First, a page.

Photovoltaic Module Technology, 2nd Edition PDF by Dr. Harry Wirth


Photovoltaic Module Technology, 2nd Edition

By Dr. Harry Wirth


Preface V

Symbols and units XI

1 Introduction 1

2 Solar cell properties 11

2.1 Types of solar cells 13

2.2 IV parameters and the electric model 14

2.2.1 IV curve 15

2.2.2 One-diode model 17

2.2.3 Deriving circuit parameters from measured IV curves 23

2.2.4 Two-diode model with reverse breakdown 26

2.3 Cell efficiency 27

2.4 Spectral response 30

2.5 Temperature coefficients for cell power 34

2.6 Low-light response 34

2.7 Formats and mechanical properties 35

2.8 Thermo mechanical properties 37

2.9 Cell metallization and contact pads 38

2.9.1 Front-to-back contact cells 38

2.9.2 Back contact cells 42

2.10 Antireflective texturing and coating 43

3 Module design, materials, and production 47

3.1 Cell interconnection 50

3.1.1 Ribbons and wires 50

3.1.2 Structured interconnectors 53

3.1.3 Conductive backsheet 56

3.1.4 Cell shingling 57

3.1.5 Soldering processes 58

3.1.6 Solders 61

3.1.7 Electrically conductive adhesives 67

3.1.8 Joint characterization 69

3.2 Covers and encapsulants 72

3.2.1 Front cover 72

3.2.2 Rear cover 79

3.2.3 Encapsulants 82

3.2.4 Edge sealed designs without encapsulant 87

3.2.5 Laminate characterization 88

3.3 Junctions and frame 91

3.4 Module production 95

3.4.1 Production process 95

3.4.2 Production equipment 96

3.5 Module recycling 102

4 Basic module characterization 105

4.1 Light IV measurement 105

4.2 Energy rating 110

4.3 Dark IV measurement 111

4.4 Electroluminescence imaging 112

5 Module power and efficiency 115

5.1 IV parameters and electric model 115

5.2 Partial shading and hot spots 116

5.3 Power and efficiency model 118

5.4 Geometrical effects 122

5.5 Optical effects 123

5.5.1 Air/glass and glass/encapsulant interface reflection (f1, f3) 124

5.5.2 Glass and encapsulant bulk absorption (f2, f4) 126

5.5.3 Active area interface reflection (f5) 128

5.5.4 Active area multiple reflection (f6) 129

5.5.5 Finger multiple reflection (f7) 130

5.5.6 Cell interconnector shading and multiple reflection (f8) 132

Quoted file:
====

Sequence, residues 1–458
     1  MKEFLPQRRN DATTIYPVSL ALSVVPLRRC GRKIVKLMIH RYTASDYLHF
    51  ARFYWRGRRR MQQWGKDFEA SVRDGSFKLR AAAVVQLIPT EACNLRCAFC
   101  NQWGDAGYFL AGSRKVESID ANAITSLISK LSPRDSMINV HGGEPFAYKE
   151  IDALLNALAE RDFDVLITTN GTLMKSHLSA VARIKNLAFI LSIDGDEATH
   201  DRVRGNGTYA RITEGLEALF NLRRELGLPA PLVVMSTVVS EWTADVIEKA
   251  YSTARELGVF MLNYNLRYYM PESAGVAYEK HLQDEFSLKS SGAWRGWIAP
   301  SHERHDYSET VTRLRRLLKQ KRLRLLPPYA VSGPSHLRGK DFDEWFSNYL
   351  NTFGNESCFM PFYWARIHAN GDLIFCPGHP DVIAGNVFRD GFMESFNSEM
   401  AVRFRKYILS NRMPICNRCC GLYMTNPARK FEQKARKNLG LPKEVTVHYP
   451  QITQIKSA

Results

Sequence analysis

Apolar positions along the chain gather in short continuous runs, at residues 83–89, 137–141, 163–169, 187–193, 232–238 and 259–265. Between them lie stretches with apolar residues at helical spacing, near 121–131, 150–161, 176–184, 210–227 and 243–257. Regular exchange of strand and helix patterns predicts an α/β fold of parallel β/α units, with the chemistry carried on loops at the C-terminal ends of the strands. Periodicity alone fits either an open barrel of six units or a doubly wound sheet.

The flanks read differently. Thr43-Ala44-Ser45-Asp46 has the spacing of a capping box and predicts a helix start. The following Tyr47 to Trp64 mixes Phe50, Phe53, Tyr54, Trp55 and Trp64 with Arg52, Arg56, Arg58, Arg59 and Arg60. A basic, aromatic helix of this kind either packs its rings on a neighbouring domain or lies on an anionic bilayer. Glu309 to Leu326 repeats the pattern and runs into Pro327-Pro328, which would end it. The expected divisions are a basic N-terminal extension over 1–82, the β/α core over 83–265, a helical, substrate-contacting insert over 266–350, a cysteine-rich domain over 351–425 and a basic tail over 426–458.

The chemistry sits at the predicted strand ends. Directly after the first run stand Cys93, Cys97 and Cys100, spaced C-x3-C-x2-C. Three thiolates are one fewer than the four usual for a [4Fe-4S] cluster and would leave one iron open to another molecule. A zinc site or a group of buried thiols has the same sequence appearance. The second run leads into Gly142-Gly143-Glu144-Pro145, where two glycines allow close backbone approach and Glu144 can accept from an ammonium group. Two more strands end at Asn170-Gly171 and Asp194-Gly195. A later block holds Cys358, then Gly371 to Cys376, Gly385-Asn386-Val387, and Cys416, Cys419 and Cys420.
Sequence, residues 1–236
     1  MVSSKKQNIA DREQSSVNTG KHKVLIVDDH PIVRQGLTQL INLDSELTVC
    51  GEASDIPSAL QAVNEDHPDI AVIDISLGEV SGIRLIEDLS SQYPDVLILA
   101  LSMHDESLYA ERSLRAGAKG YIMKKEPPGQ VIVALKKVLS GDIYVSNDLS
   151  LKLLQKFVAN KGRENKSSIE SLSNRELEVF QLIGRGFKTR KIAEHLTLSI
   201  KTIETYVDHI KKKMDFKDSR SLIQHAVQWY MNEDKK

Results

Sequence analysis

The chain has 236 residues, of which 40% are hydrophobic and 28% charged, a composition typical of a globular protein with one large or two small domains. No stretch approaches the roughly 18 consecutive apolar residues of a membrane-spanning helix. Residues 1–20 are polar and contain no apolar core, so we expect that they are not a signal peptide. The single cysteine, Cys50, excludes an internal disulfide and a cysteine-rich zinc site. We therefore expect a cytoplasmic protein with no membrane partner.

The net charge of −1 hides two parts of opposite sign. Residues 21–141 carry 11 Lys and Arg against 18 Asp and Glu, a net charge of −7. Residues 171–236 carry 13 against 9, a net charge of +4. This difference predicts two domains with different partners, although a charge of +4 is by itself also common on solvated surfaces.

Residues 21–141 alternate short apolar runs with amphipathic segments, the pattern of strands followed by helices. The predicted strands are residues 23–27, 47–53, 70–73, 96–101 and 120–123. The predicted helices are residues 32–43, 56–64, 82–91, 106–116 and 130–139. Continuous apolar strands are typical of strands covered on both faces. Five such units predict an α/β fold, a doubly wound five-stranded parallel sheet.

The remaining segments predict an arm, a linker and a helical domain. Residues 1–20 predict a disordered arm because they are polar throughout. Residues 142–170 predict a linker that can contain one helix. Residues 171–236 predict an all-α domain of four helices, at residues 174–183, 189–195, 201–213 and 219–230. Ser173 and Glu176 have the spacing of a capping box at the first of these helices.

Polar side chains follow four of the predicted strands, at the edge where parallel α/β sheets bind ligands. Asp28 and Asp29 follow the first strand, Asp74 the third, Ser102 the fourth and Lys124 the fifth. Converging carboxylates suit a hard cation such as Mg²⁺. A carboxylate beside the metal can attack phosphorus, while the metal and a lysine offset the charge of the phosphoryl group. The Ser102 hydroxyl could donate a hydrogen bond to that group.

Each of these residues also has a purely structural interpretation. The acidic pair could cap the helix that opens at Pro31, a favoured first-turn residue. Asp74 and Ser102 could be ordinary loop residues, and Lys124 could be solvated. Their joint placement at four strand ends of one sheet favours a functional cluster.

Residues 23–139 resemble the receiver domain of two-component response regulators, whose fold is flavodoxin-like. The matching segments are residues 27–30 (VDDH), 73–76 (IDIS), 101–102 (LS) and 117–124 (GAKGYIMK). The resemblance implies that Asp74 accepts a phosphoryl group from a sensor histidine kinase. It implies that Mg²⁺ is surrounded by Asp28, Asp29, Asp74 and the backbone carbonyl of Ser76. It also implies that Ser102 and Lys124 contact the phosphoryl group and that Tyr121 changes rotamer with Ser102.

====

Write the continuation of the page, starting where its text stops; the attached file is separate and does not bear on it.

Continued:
5.5.7 Cell-spacing multiple reflection (f9) 135

5.6 Electrical effects 138

5.6.1 Cell mismatch (f10) 138

5.6.2 Series resistance losses (f11, f12, f13) 138

5.7 Comprehensive model 141

6 Module performance 145

6.1 Irradiation models 147

6.2 Temperature effects 151

6.3 Irradiance level 153

6.4 Irradiance angle 153

6.4.1 Incidence angle modifiers 153

6.4.2 Angular distribution of radiation 156

6.5 Irradiance spectrum 158

6.6 Bifacial performance 158

6.7 Energy payback 161

7 Module cost 163

References 169

Index 175


In December 2015, the United Nations Climate Change Conference in Paris sent a clear signal for a worldwide energy transition toward renewables, a transition to take place long before total consumption of fossil and nuclear resources and timely before catastrophic climate change. Photovoltaic (PV) technology, the direct conversion of solar energy into electricity, is becoming the main pillar of our sustainable energy supply. Its impressive rise has been enabled by a cost reduction momentum not foreseen two decades ago even by its most optimistic supporters. Meanwhile, new, large-scale PV has become the cheapest electricity supply in many parts of the world. Lowest bids promise to provide electricity at 1.5–2 ct(€)/kWh in different sunny regions of the world, including southern Europe. The price learning curve will keep progressing, since many innovations are well underway in all parts of the value chain.

PV modules are the key components for every PV power plant from tiny rooftop systems of a few kilowatts up to plants in the gigawatt range which may demand millions of modules. Modules are required to efficiently and safely convert solar irradiance into electric power over a service life of 25–30 years. This book addresses crystalline silicon, wafer-based module technology capable of fulfilling these expectations. A proper module design and choice of materials is based on a thorough understanding of a variety of solar cell properties. With these specifications and boundary conditions in mind, module material, components and manufacturing issues are elaborated, focusing the key steps of cell interconnection and encapsulation. The cell-to-module (CTM) loss and gain mechanisms in power and efficiency are discussed in detail, since they are crucial for optimizing the product. CTM analysis is the key for understanding recent innovations in module technology like halfcells, multiwire interconnection, and shingle interconnection. After considering nominal module properties displayed under standard testing conditions, module performance in the field under varying ambient conditions is tackled. Finally, the cost structure of PV modules and its implication on the cost of PV power plants and ultimately of PV electricity are examined.

The author thanks his colleagues at the Fraunhofer Institute for Solar Energy Systems ISE in Freiburg, Germany, for many valuable discussions and generous contributions to this book from their various R&D projects.

Harry Wirth

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